I realized early in my second year of law school that I did not want to practice law in a traditional sense. I wanted to apply the skills that I was learning for something in commerce. At the time, I did not know exactly what that was going to be until two life events simultaneously began to point me in my ultimate career direction.
I was reading Michael Lewis’ Liar’s Poker, all about bond trading at Salomon Brothers in the 1980s at the same time I met a law school classmate who was actually working at a bond trading operation in downtown Miami. I was hooked instantly and knew this was to be my course. I essentially forced, by sheer persistence, a small boutique broker dealer to hire me out of law school and teach me the business.
After obtaining some of my first institutional accounts, basic bond portfolio management came fairly easily. Back in the early 1990s, one needed to train their eye to uncover pricing discrepancies in the marketplace that today are more readily apparent with technology. My career jettisoned from being a bond salesperson to ultimately a portfolio manager and trader.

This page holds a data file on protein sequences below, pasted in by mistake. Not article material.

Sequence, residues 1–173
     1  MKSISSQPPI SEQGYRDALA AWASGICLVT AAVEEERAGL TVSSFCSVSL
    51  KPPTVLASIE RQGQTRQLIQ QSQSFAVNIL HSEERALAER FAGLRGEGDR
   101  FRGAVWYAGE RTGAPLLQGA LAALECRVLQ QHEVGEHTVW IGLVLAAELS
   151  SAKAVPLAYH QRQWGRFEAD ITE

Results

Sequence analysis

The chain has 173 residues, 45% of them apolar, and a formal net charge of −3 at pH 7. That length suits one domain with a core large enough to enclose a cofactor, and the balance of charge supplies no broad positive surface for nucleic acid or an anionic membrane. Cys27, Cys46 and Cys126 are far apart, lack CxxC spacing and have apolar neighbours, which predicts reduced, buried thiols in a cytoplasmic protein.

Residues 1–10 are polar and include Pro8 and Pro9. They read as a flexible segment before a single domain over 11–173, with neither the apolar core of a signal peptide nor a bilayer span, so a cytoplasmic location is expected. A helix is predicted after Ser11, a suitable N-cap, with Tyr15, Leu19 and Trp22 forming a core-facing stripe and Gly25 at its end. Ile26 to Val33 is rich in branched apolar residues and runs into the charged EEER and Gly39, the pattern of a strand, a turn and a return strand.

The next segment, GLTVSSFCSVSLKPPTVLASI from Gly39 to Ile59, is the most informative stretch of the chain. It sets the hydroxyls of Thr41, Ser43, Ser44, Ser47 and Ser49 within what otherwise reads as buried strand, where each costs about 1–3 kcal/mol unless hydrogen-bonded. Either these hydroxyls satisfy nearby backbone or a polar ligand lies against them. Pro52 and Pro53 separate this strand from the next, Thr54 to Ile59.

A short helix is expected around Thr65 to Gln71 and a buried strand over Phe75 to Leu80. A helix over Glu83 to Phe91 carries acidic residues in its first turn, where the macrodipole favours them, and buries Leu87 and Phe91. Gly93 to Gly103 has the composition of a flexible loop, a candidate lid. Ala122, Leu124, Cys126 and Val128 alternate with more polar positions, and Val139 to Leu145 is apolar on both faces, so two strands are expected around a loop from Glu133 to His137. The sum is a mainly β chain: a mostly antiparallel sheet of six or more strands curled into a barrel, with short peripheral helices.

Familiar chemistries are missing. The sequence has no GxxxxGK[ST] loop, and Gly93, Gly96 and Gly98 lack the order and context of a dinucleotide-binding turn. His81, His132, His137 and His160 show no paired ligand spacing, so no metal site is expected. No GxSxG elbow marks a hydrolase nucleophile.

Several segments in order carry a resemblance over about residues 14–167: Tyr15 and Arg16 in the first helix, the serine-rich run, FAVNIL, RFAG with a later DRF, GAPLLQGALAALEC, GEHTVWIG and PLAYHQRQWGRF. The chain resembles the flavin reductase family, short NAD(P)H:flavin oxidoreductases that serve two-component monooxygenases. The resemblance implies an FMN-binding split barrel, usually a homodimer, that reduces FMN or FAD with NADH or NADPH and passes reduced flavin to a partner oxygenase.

What really fascinated me was the basic lack of research that for some part still exists today in the municipal bond marketplace. I began to string together my legal and finance background into my daily work. I discovered that a wealth of potential knowledge was at my fingertips if I knew where to obtain it and how to interpret it. I dove deeply into the arcane world of distressed bond investing by synthesizing the legal pleadings and bankruptcy petitions and applying that information to distressed securities. The information gave me then, as it still does today, the ability to formulate an opinion about the price of a distressed or bankrupt asset and apply that knowledge to an often thinly traded or overlooked bond.
I have owned personally and for client accounts the bonds that others have left for dead. I have restructured bonds for private prisons, healthcare facilities, affordable housing, and industrial concerns. This relative expertise has allowed me the privilege of sitting on bondholder committees to provide insight and a steady hand in bond restructurings and asset dissolutions. After my firm was acquired by a large bank in 2006, I tremendously enjoyed running a special opportunities inventory of distressed municipal bonds while at the bank.
Las Olas Wealth Management
I continue to this day managing municipal bond portfolios of high quality assets and seek to outperform my peers through proprietary technology and years of in-the-trenches experience. I have not forgotten that while managing high quality bonds is critical for wealth preservation; there exists a place in certain instances for distressed investing.
Today, at Las Olas Wealth Management of NatAlliance Securities LLC, my partner Sean Vesey and I are making sure that we do our homework, to find the right opportunities and also to find time for a walk on the beach.